If you take a walk through any landscape in Scotland, there’s a story to be revealed; of human lives and the impact we have had on the land around us.
If you have ever used a map to go for a walk you may have come across intriguing or unusual place names. But did you know that nearly all fields have a name, and that these names might tell you about the history of the field and its use over the centuries?
Old field names act as a memorial, telling the story of a place and can connect you with the history of your area.
Put yourself in the shoes of the farmer who originally named them; the names originated in a very practical way to identify them for farm labourers who had to go out to work on them. It was clearly important that they did not go out and plough or build a dyke in the wrong field. The names were often descriptive ( its size or location, the lie of the land, its soil, crops, livestock, wild animals and plants, buildings, land ownership amongst many other things).
Many of these names were never written down, so that the names used today are the result of a largely oral tradition where the original name may have evolved over many years and can be hard to decipher.
The Borgue Field Name Project (part of the PLACE project, a community focused project in partnership with the Biosphere and Southern Uplands Partnership) is being undertaken by a small team of volunteers, has been mapping the old names of fields in an area stretching from the Fleet to the Dee.
The team would like to offer a huge thank you to all the local farmers and everyone else who has helped with this project, and are pleased that after 18 months nearly 1,000 field names have been collected, and the meaning and possible origin of the names analysed.
We have created an interactive map of the Borgue area that shows the field names along with other historical and cultural information. Click on the image below to view the map.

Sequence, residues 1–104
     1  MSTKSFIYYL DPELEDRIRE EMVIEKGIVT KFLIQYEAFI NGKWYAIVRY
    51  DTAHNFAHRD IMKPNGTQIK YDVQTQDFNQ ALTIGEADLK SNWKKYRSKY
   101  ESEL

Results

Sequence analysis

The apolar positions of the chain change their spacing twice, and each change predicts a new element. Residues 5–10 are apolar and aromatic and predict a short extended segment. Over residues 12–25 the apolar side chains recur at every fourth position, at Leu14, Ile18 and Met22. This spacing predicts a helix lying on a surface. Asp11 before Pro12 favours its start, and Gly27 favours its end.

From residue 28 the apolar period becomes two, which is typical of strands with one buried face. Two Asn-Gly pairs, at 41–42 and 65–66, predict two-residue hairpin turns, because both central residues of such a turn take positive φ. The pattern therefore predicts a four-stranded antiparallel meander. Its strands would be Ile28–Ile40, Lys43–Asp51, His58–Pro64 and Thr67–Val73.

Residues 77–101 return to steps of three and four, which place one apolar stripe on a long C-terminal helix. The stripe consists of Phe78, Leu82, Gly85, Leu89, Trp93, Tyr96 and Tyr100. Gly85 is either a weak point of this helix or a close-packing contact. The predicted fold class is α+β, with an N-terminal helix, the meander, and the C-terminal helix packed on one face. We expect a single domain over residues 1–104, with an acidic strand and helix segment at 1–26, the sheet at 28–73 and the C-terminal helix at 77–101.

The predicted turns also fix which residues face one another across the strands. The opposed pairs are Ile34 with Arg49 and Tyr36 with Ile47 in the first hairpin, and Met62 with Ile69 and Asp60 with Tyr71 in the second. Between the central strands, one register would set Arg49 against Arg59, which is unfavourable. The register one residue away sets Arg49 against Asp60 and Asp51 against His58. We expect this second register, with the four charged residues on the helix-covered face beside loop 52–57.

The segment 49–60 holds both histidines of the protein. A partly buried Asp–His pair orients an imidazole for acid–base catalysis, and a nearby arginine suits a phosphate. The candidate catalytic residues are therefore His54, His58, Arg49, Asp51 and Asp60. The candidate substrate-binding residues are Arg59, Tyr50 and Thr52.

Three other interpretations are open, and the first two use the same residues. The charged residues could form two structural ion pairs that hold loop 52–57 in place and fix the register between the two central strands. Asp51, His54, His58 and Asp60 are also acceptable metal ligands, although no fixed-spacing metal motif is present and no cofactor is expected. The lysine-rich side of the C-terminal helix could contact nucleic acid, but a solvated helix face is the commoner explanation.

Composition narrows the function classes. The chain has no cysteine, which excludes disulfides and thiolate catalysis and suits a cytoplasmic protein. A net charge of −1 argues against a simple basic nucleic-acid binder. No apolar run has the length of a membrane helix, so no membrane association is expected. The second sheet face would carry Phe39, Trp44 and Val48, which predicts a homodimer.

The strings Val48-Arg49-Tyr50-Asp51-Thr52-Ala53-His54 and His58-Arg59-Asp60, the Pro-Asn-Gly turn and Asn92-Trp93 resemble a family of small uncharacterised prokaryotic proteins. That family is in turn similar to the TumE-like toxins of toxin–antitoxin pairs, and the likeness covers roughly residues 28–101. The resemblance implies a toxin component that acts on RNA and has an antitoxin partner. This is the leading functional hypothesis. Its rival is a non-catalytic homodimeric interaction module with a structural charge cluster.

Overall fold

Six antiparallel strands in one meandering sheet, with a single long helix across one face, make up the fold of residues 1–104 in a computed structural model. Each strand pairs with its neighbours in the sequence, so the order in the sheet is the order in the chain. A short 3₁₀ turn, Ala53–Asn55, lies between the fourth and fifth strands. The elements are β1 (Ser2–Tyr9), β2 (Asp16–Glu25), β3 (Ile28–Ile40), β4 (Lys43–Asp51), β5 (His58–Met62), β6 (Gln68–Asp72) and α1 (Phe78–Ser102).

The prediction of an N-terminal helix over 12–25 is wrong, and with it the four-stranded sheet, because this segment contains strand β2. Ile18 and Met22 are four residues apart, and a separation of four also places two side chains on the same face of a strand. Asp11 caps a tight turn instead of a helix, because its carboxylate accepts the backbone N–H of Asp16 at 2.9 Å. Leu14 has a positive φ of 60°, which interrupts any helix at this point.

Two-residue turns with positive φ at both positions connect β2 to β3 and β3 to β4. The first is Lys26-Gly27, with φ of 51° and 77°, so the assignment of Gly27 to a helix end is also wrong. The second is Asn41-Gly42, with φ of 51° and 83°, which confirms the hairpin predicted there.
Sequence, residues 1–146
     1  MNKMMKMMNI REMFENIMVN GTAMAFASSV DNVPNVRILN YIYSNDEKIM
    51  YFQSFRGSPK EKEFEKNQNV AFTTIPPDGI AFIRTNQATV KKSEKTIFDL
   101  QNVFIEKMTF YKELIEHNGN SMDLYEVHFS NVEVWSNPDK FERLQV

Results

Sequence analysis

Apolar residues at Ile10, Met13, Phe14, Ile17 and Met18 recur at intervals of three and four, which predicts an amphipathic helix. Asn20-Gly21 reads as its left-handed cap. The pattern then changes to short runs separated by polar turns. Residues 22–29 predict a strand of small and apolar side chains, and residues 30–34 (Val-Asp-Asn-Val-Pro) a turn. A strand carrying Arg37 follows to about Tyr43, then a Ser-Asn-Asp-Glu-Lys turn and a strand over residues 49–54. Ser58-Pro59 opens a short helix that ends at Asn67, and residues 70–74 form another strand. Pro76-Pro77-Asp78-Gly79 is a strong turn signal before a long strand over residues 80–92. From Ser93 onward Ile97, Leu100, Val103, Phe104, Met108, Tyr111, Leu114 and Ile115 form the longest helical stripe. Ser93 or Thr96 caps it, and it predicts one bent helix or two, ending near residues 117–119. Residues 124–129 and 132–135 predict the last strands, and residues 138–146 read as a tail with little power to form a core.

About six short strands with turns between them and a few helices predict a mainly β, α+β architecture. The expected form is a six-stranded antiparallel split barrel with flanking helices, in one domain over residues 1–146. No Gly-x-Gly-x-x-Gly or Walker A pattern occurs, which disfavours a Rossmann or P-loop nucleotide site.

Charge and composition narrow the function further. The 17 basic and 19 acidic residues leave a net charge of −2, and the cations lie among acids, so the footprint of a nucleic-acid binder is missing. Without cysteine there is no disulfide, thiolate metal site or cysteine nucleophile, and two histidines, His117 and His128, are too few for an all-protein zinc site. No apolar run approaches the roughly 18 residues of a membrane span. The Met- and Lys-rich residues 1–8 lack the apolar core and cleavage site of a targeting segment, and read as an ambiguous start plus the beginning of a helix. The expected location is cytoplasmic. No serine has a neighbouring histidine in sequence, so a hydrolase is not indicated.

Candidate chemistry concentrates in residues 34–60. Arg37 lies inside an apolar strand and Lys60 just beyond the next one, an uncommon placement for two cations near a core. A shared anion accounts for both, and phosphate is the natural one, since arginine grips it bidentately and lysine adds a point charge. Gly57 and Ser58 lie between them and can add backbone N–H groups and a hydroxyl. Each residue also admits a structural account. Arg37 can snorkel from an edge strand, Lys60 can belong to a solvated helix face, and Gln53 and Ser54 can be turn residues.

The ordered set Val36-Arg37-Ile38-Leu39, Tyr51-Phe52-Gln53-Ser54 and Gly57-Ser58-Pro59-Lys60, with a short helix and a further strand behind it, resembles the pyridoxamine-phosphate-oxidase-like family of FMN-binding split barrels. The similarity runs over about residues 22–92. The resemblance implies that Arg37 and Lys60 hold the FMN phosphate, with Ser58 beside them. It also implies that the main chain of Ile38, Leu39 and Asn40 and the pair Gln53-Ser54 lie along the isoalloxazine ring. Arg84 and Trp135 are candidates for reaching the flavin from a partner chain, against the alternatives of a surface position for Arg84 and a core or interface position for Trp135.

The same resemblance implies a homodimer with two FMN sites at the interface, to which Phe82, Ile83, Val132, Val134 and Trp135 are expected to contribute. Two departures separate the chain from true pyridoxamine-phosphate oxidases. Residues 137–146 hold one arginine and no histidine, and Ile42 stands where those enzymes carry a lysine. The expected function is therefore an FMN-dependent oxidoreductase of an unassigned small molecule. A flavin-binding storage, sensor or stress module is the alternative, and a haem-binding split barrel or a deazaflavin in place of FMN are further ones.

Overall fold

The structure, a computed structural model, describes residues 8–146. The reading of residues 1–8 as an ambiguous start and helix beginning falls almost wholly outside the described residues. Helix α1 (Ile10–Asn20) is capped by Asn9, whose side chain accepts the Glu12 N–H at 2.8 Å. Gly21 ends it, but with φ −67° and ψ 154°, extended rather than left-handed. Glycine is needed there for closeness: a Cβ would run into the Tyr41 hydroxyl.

But there are a few gaps in the map, and the team would love to hear from anyone who could help with the old names of the fields in these areas. If you know the names of any of these fields, or any otherwise unrecorded place-names please let us know, by getting in touch with John Shields on John@borgue.org or phone 01557 870678. Alternatively, you can enter comments at the bottom of this web page.
Five map extracts to show the locations of the missing field names (images © Microsoft/Ordnance Survey):
Glenterry and fields around the A75. We have the following names, but don’t know which fields they belong to: Whitehill; Stumpy Field; Steep Field; Big Hill; Horse Park; Wee Barngaber; Minto Field; Smith’s Field; Dromore; Big Barngaber
Earlston, Gledpark and surrounds: We have the following names, but don’t know which fields they belong to: Smiddy Field; Croft; Tampit; The Hill; Mid Field; Paples; Wash Green; Garden; Lawn
Clauchendolly: 6 fields and we have no names at all.
Tonguecroft: Very small fields along the edge of the lane, we have no names, but believe they could belong to the fields on the other side of the lane, before it was fenced/walled in.
High Nunton: We have no names.
For more information about place names in Dumfries & Galloway, take a look at the Galloway Glens Place Names site.
The National Library of Scotland has a collection of historical estate maps of Kirkcudbrightshire including some from the Borgue area. These are available here.